In the middle of the final battle, the White Witch is using her wand to petrify most of the good Narnians. Edmund, a little boy with only a few days' worth of sword training, jumps down on her and smashes the wand himself.
Even better, he's outright aiming for it. Edmund realizes the advantage that it gives her. By taking away the wand's power, he's forcing her to rely on martial prowess instead of her magic, which only Aslan himself had the ability to counter. He's notably the only one shown outright trying to destroy the wand.
Edmund going from a whiny, traitorous, back-stabbing, lying kid brother willing to sell out his family to King Edmund the Just and being totally badass was pretty awesome, you gotta admit.
Peter. He's a teenager. He's given a sword and maybe a day or so of training. HE RUNS AT THE WHITE WITCH AND STARTS FIGHTING HER. Recap: this is a witch who is strong enough to break steel like barley sugar and turns people to stone. Some random kid holds her off with a sword he got as a Christmas present.
Lucy too. You fully expect her claims of a freaking forest inside the wardrobe to meet scorn. You also expect the older siblings to take her side regardless. What you don't expect is for her to get her snark on when she's proven right.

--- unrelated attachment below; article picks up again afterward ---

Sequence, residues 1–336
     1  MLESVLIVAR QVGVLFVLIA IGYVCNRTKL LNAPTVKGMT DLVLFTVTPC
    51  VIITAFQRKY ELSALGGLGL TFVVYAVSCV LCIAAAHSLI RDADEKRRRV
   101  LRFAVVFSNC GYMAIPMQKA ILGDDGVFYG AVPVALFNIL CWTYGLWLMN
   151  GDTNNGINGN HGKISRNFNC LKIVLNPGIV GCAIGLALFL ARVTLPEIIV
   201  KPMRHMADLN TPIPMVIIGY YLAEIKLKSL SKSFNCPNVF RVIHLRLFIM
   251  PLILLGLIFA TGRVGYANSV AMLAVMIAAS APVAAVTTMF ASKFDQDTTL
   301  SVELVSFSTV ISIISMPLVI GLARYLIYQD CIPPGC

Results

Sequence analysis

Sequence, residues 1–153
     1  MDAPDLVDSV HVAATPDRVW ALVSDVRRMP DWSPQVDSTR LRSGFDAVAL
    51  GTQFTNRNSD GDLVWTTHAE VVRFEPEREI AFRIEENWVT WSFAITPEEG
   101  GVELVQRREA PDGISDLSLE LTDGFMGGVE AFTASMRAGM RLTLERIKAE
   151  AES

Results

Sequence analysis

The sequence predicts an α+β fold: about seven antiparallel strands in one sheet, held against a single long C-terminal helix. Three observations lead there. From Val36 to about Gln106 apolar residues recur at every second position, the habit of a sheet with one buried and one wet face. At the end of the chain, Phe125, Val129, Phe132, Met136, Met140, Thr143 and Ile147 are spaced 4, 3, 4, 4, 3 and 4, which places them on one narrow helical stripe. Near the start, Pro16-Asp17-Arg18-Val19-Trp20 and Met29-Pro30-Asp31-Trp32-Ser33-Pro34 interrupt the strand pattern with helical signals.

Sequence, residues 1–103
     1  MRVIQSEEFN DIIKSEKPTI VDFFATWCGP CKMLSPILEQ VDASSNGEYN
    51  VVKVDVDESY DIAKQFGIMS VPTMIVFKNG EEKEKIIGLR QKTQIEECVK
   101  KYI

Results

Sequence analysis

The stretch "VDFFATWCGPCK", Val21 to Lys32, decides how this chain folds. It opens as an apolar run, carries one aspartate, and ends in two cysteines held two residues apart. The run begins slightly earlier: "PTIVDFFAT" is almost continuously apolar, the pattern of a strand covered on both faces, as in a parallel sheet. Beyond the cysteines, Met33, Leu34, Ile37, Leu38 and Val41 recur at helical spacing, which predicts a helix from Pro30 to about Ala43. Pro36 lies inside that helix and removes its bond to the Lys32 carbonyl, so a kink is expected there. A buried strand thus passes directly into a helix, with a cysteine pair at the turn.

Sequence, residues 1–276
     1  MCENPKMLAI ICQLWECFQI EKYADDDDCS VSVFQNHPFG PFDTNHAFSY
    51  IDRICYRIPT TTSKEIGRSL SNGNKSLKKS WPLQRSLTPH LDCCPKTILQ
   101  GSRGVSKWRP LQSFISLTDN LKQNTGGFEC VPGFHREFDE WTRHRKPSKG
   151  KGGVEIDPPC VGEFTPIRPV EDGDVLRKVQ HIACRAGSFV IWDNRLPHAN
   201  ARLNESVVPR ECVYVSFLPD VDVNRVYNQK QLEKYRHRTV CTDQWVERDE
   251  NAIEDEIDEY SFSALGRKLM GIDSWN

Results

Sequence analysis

The post-mid-credits scene of the movie ends with the (empty) wardrobe opening, with sunlight shining out, and Aslan's roar.
A giant casually swinging away two Minotaurs with a single stroke.
The rhino charging the White Witch. He had to know he was about to die, but his King needed him, and he was damn well going to answer the call. This troper watched the scene most recently while on a treadmill and hit his maximum target heart rate four minutes into a cool-down!
Aslan himself is a CMOA for the CGI artists. Every inch of him moves like a real lion, is covered in fur (which is an animation nightmare), and blends seamlessly with the environment and characters. And a single frame of him could take over 10 hours to render.
In 2005. There are movies coming out today that can't pull something like that off.
Aslan showing up to the battle in all his majesty, and the witch seeing him and whispering, "Impossible!"
The centaur who serves as Peter's second in command. Fights at his side for most of the battle, charges the White Witch alongside the aforementioned rhino, takes out Jadis' Minotaur General and even trades a few shots with Jadis herself before getting turned to stone. Absolute badass to the very end. We salute you, Centaur!
His name is Oreius! And he's the hero Narnia deserves! And gets restored by Aslan too, of course.
No love for the red fox? He actually helps Aslan's war effort - and that includes lying to Maugrim's face, surrounded by wolves, about the human children's localization, while they are still around but hidden.
When the wolves figure they have been played and bring him to the White Witch, the fox begs his ruler to forgive him. When the witch refuses to, the fox coldly answers he wasn't talking to her - while looking at Edmund next to her.